If you teach high school you hear it all day. Oh it may or may not be in your classroom but you hear it. They say it in the hallways, in the cafeteria, in the bathrooms and in those classrooms with the “young teachers” or the “cool teachers.”
Quite often it’s heard in the gym, in the locker rooms, on the playing fields, and (unfortunately) in many health and PE classes where the coaches themselves feel free to use it.
Now, before you say, “You are such a prude,” I want you to realize that I did 20 years in the Navy and sailors use that word as a Noun, Adjective, Adverb, and 4 or 5 other parts of grammar. But the day I walked into my first classroom that word left my vocabulary. And, there are a lot of places that people are employed where that word is just not accepted. Teachers get the added benefit of being suspended or even fired for using that word or any other word considered profanity.
Here’s an example of what happened to me because of using profanity: I was teaching 6th graders in Newport News VA. The class had done poorly on a test and I was starting the day by handing the tests back. I made the remark, “sometimes I worry that there are some of you who don’t give a damn about this class.”
That was at about 8:15. At about 2:15, after the students had left, I was summoned to the principles office to explain what had happened in my first period class. I had to think back but I knew that my remark was the only thing that could have been bad. Sure enough he had been called by the superintendent. The superintendent had been called by 2 board members. The next morning, before school, I was apologizing to one of my students’ grandmothers for my profanity. She responded with “the next time this happens I’ll see that you are fired.”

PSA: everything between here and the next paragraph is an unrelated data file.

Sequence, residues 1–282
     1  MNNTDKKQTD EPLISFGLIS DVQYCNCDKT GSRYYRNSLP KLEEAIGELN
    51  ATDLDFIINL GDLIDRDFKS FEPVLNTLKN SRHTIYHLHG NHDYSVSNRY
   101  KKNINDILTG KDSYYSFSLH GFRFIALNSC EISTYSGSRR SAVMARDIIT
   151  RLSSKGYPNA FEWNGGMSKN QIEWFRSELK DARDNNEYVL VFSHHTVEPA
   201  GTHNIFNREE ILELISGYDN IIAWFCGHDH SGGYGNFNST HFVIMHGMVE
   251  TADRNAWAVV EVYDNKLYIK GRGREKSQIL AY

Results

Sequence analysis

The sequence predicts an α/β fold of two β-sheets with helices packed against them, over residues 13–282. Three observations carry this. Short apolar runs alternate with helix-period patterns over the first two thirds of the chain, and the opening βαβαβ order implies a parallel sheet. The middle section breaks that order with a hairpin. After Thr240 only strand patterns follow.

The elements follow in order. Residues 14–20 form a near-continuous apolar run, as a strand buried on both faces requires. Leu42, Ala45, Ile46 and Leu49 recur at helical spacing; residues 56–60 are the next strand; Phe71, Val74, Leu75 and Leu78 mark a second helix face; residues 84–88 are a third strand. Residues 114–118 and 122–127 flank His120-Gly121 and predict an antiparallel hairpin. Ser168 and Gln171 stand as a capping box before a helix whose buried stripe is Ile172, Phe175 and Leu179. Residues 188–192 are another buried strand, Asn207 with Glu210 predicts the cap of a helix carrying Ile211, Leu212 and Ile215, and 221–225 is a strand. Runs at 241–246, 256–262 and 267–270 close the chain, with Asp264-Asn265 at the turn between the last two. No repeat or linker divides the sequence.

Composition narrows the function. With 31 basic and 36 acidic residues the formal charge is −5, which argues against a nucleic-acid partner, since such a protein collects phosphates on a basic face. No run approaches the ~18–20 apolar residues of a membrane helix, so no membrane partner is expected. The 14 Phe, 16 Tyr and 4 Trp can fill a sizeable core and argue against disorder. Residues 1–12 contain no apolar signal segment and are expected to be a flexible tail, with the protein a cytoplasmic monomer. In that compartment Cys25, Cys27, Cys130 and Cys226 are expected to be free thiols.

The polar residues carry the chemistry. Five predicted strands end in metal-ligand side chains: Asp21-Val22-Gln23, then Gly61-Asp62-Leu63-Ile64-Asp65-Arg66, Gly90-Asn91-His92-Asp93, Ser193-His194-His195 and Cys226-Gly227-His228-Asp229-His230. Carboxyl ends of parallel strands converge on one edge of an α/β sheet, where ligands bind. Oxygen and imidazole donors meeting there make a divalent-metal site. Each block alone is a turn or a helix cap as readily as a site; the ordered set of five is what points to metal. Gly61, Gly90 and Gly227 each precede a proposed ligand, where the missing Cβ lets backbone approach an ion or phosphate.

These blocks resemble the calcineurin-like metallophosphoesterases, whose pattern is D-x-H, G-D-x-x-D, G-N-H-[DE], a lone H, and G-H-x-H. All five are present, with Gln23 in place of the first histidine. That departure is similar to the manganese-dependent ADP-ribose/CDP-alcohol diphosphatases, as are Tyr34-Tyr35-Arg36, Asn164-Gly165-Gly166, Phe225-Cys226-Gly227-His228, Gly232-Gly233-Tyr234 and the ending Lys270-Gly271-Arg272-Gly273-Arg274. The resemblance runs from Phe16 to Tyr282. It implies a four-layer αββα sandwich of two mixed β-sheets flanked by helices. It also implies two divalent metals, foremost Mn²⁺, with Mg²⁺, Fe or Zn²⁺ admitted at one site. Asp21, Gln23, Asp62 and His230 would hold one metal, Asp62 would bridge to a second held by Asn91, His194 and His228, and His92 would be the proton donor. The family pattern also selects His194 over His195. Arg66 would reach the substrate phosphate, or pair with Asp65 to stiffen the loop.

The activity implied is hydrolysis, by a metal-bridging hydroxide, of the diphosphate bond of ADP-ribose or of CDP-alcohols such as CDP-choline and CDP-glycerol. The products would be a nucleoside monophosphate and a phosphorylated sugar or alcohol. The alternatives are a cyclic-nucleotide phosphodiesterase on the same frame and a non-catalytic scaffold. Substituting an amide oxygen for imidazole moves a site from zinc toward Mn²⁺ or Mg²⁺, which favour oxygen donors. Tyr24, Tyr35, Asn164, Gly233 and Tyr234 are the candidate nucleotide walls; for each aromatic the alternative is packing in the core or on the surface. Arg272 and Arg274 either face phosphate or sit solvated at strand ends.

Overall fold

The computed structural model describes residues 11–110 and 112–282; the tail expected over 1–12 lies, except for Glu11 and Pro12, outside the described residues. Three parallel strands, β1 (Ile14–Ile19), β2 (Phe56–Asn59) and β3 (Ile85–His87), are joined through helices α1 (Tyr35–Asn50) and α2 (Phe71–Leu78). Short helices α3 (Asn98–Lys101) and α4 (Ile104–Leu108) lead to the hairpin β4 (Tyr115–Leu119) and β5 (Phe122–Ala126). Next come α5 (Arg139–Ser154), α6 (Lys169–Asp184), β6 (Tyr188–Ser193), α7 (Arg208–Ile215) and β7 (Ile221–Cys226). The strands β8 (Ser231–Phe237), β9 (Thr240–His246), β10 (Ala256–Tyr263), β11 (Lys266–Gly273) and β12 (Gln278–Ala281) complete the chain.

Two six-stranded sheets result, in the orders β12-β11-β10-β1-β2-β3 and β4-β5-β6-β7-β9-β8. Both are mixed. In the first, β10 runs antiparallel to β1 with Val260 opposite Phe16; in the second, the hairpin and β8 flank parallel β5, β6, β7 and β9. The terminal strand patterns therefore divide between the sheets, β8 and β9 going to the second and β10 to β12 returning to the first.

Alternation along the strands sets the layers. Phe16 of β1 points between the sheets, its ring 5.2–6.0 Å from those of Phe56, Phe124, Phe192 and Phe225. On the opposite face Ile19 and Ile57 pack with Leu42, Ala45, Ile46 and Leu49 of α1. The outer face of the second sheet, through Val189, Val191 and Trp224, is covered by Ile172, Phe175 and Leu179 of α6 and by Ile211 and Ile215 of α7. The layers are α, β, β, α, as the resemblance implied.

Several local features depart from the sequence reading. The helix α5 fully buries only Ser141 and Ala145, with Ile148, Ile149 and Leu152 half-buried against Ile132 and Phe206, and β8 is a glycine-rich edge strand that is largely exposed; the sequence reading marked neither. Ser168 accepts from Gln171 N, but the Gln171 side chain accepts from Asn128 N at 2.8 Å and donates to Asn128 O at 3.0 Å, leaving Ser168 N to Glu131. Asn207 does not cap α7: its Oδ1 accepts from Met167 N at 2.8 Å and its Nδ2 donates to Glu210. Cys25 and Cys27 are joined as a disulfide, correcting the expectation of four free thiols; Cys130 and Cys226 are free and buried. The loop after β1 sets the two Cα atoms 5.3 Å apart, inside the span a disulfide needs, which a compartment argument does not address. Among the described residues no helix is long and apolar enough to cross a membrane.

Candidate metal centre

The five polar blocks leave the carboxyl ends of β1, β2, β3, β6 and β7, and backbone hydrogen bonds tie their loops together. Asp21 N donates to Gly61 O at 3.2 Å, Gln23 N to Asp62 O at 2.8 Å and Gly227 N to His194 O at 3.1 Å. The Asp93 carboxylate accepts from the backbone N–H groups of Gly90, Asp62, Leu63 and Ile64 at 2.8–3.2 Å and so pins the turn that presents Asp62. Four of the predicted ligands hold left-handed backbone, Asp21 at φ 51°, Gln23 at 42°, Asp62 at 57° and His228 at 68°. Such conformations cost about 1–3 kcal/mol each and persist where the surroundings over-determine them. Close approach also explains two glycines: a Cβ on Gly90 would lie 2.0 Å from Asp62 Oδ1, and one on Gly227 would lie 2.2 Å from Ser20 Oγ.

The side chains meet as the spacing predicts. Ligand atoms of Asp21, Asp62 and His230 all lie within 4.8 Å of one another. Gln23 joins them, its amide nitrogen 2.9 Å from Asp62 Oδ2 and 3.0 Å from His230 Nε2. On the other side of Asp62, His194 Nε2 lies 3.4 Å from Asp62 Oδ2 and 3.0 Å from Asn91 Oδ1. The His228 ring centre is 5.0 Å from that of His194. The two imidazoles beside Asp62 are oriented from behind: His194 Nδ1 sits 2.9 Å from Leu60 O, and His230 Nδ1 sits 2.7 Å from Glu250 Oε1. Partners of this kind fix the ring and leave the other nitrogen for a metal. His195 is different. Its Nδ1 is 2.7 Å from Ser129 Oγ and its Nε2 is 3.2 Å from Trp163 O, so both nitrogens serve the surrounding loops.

So how do we get students to stop? Calling parents helps in about 1 in 10 cases (maybe less). A discipline report, detention, or other disciplinary action stops it for today. A talk to the student body from the principal helps. But, the most effective way is to get EVERY adult in your school on board with the importance of eliminating it from your school. If you are reading this and saying anything other than “that’s what we need to do,” then getting rid of profanity won’t succeed at your school. Heck, it might not even be a big deal to you. Even with my total disgust with the F-word I fail to get my students to stop saying it.
Bottom line? I will continue to make remarks whenever any of my students say any of the following: Suck(or any variation of the word), Bitch, Bastard, Ass(or any variation of that word), Damn, Gay, Retarded, Shit, The C-words, The F-word, Dick, and probably another 5 to 10 words that escape me right now. I would appreciate you doing the same. Together we – oh heck who am I kidding. We’ll never get rid of these words. But, we can educate our students on the importance of using appropriate words. Isn’t educating students what we are supposed to be doing?